• Question: Does a person deserve extra moral praise for acting rightly despite strong contrary emotions? How does overcoming strong emotions in order to do the right thing (or refrain from doing the wrong thing) factor into morally judging a person? If person A has no emotional conflict and thus does the right thing more or less "effortlessly," while person B takes the same correct action despite strong emotional motivation to act otherwise, does person B deserve any extra moral credit for the amount of emotional or mental effort he made? Or is moral judgment to be made solely on the basis of actions, with internal mental effort being irrelevant?

    Tags: Character, Christianity, Emotions, Ethics, Judgment, Justice, Moral Wrongs, Pleasure, Pride, Psycho-Epistemology, Psychology, Self-Control, Temptation, Willpower

  • Q&A: Overcoming Weakness of Will: 12 Aug 2012, Question 1
  • Question: What are the best strategies for dealing with weakness of will? I want to go to sleep earlier and wake up earlier, and I know it would be a good thing to do, for reasons both of health and productivity. Yet I often have a problem with actually going to sleep before midnight. Things tempt me to stay awake, like the internet, video games, or just having a bit of "me time" after a day at the university. Occasionally, I have similar problems in regard to work. Are there general strategies to deal with temptation and overcoming weakness of will?

    Tags: Ethics, Psycho-Epistemology, Psychology, Self-Control, Temptation, Willpower

  • Q&A: The Morality of Cloning: 29 Jul 2012, Question 1
  • Question: If cloning humans were possible, would it be wrong? Most people think that cloning humans, if possible, would be terribly immoral and creepy. What are their arguments? Are those arguments right or wrong? Also, would cloning a person without his or her consent be some kind of rights violation?

    Tags: Children, Cloning, Ethics, Family, Genetic Engineering, Parenting, Personal Identity, Psychology, Rights

  • Q&A: Five Love Languages: 22 Jul 2012, Question 1
  • Question: What do you think of the "Five Love Languages"? The basic idea of the "Five Love Languages" is that every person has "a primary way of expressing and interpreting love," and that "we all identify primarily with one of the five love languages: Words of Affirmation, Quality Time, Receiving Gifts, Acts of Service, and Physical Touch." What do you think of this concept? Do you think that a person's "love language" might be connected to his personality traits?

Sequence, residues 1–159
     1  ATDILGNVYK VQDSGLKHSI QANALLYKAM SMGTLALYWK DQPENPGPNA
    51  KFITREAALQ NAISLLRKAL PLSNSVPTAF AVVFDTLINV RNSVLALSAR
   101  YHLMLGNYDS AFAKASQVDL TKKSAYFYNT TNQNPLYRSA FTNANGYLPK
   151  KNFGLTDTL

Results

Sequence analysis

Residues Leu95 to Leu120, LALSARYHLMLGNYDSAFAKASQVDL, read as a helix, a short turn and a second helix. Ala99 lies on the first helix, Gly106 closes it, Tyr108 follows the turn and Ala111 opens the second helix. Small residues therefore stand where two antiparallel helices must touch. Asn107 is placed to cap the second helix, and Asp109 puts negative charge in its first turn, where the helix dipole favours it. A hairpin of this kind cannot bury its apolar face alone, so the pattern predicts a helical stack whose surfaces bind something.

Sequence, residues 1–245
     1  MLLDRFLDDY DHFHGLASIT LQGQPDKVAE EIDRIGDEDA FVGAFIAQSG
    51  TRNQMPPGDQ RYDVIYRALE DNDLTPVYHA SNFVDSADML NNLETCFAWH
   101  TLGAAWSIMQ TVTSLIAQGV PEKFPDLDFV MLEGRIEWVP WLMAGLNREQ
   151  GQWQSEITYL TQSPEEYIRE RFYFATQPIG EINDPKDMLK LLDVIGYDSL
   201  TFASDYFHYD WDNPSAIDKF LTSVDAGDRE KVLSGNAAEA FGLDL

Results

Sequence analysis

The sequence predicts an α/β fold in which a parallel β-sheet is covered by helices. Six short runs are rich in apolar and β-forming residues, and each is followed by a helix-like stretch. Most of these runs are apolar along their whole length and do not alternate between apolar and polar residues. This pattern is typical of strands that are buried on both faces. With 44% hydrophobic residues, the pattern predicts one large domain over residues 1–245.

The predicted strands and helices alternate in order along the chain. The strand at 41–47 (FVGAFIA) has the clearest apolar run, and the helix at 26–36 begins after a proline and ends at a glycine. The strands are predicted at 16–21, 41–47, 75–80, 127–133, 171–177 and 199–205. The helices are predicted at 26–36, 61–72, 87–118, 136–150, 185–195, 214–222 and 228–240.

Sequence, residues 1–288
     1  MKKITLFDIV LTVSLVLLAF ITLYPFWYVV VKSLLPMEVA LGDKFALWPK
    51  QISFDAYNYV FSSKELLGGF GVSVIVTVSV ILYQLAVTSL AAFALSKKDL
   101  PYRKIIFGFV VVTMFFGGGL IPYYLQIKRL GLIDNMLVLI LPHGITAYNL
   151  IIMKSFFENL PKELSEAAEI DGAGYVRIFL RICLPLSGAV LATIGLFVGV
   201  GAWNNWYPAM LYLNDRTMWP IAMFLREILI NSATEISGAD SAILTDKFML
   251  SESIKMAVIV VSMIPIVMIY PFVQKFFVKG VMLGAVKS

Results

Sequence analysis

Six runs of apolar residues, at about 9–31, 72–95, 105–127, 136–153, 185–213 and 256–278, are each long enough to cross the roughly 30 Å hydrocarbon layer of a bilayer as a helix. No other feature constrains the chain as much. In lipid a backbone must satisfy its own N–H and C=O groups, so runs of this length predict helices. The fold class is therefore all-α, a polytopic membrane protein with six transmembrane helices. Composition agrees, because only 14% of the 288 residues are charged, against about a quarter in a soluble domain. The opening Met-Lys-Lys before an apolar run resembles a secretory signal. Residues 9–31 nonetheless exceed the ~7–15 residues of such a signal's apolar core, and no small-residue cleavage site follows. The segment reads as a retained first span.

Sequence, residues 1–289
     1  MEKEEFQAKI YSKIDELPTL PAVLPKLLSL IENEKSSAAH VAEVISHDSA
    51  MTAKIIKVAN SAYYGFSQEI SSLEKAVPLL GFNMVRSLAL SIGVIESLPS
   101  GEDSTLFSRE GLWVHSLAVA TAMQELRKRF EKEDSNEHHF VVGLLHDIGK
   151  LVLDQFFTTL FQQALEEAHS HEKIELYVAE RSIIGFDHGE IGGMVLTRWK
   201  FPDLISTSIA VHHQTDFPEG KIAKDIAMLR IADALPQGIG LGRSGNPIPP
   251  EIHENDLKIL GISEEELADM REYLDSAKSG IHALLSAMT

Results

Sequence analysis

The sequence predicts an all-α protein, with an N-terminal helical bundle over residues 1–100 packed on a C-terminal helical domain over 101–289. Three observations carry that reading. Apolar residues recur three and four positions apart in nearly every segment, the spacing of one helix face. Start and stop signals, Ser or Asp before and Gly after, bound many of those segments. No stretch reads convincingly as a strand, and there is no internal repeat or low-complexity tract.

Tags: Communication, Dating, Gifts, Marriage, Personality, Psychology, Relationships, Romance

  • Interview: Rachel Miner on Romantic Extras: 18 Jul 2012
  • Summary: Most couples know the joy of sharing loving "extras" with their partner. In fact, making those efforts to do something special isn't really "extra," it's part of a vibrant romantic relationship. The challenge is figuring out what actions to take in practice.

    Tags: Communication, Marriage, Personality, Psychology, Relationships, Romance

  • Q&A: Acting Out Emotions Versus Acting On Emotions: 15 Jul 2012, Question 3
  • Question: What's the difference between acting on emotions and acting out emotions? Emotions sometimes cry out for bodily expression, such as hitting something when you're angry. Is "acting out emotions" in that way a form of emotionalism? How is it different, if at all, from acting on emotions?

    Tags: Emotions, Ethics, Personality, Psychology

  • Interview: Santiago Valenzuela on DiSC Personality Profiles: 11 Jul 2012
  • Summary: DiSC is a personality profile system that uses four basic profiles: Dominance, Influence, Steadiness, Conscientiousness. A person can use DiSC to understand himself more deeply, capitalize on his strengths, compensate for his weaknesses, and communicate and collaborate with others better. How so?

    Tags: Communication, Conflict, Ethics, Marriage, Personality, Psychology, Relationships, Work

  • Q&A: Managing Office Politics: 8 Jul 2012, Question 2
  • Question: How can a person effectively manage office politics? In almost any job, the internal politics of the company can be overwhelming. If you speak out, you can be embroiled in conflict and drama. If you stay silent, the pushy people will have their way, often for the worse. What should a person do who wants to actually work?

    Tags: Communication, Conflict, Personality, Psychology, Relationships, Work

  • Q&A: The Validity of Psychic Powers: 8 Jul 2012, Question 1
  • Question: Are psychic powers bunk? A friend convinced me to join him in visiting a psychic for a tarot card reading. Although I am opposed to mysticism, I didn't mind going and thought it would be funny. I was surprised to find this psychic knew things about me that (while vague) were very accurate descriptors, and could not have been known from my appearance (nor prior knowledge since it was an impromptu visit). It seems highly unlikely they could have guessed (and have guessed so accurately) correct character traits, issues and feelings. Is this evidence in favor of psychic powers? Or have I been misled?

    Tags: Epistemology, Paranormal, Proof, Psychology, Rationality

  • Q&A: Responding to Irrational Discussion Tactics: 3 Jun 2012, Question 1